Did You Know?
First image ever taken by humans of the whole earth. Video of Apollo 8 Bible reading. The Lunar far side as seen from Apollo 8.
- After launching on December 21, 1968, Apollo 8 took 3 days to travel to the moon.
- The three astronaut crew (Commander Frank Borman, Command Module Pilot James Lovell, and Lunar Module Pilot William Anders) became the first humans to travel beyond low Earth orbit, the first to see Earth as a whole planet, and then the first to directly see the far side of the Moon.
- Apollo 8 orbited the Moon ten times over the course of 20 hours, during which the crew made a Christmas Eve television broadcast in which they read the first 10 verses from the Book of Genesis.
- As they rounded the Moon for the ninth time, the second television transmission began. Borman introduced the crew, followed by each man giving his impression of the lunar surface and what it was like to be orbiting the Moon. Borman described it as being "a vast, lonely, forbidding expanse of nothing." Then, after talking about what they were flying over, Anders said that the crew had a message for all those on Earth. Each man on board read a section from the Biblical creation story from the Book of Genesis. Borman finished the broadcast by wishing a Merry Christmas to everyone on Earth. His message appeared to sum up the feelings that all three crewmen had from their vantage point in lunar orbit. Borman said, "And from the crew of Apollo 8, we close with good night, good luck, a Merry Christmas and God bless all of you - all of you on the good Earth."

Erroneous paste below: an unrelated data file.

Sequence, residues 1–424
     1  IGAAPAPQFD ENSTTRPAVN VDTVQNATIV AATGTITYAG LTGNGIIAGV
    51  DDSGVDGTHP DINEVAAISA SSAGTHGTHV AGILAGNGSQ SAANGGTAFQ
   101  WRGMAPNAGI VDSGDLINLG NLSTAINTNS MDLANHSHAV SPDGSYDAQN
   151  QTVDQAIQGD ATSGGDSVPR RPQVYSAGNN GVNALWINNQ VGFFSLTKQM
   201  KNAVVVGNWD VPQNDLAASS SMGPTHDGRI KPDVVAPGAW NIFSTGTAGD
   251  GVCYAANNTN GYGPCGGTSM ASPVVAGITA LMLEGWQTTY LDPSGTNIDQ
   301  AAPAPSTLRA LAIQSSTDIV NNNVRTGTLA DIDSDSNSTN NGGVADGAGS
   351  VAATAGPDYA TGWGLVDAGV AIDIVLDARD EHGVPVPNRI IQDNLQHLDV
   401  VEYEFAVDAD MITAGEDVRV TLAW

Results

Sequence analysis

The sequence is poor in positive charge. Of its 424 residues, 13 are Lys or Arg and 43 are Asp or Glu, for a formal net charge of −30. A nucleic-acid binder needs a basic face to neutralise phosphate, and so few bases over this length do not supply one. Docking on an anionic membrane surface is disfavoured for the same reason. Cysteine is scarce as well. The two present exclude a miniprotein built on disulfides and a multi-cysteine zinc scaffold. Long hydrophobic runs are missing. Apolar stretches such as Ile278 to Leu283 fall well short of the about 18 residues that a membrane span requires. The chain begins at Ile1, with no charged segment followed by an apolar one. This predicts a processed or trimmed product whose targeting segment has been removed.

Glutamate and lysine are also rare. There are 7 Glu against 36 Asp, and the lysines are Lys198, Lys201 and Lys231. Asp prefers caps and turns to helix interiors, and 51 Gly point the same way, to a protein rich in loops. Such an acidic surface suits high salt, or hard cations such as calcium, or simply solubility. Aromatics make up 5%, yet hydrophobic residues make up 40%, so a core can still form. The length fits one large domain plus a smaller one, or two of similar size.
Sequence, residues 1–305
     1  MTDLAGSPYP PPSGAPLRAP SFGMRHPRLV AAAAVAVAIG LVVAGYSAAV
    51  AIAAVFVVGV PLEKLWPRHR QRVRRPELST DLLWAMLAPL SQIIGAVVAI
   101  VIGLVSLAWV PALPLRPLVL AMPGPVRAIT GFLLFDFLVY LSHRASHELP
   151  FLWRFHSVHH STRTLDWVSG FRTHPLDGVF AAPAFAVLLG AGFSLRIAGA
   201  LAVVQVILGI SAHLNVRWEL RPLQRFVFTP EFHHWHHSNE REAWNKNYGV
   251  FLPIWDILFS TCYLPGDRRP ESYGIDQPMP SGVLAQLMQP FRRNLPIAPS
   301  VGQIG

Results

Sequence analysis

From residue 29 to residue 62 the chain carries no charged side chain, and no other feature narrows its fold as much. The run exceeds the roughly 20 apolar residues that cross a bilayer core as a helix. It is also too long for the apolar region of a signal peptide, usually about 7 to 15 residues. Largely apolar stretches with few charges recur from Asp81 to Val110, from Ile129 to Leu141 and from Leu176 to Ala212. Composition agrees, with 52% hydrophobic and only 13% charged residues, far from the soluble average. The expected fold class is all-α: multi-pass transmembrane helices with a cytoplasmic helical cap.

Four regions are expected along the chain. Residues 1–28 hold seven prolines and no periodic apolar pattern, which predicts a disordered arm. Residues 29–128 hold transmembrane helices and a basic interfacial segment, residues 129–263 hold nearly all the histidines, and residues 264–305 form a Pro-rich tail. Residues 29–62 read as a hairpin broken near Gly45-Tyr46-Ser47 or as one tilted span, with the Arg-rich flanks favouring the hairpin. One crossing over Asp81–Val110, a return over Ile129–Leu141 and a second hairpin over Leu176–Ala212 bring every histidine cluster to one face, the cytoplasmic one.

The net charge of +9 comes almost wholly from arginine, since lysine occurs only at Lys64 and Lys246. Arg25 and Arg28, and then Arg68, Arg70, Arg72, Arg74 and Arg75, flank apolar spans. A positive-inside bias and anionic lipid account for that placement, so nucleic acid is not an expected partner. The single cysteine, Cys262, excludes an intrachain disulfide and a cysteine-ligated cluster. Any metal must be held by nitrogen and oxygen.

- At the time, the broadcast was the most watched TV program ever.
- The Apollo 8 astronauts returned to Earth on December 27, 1968, when their spacecraft splashed down in the Northern Pacific Ocean.
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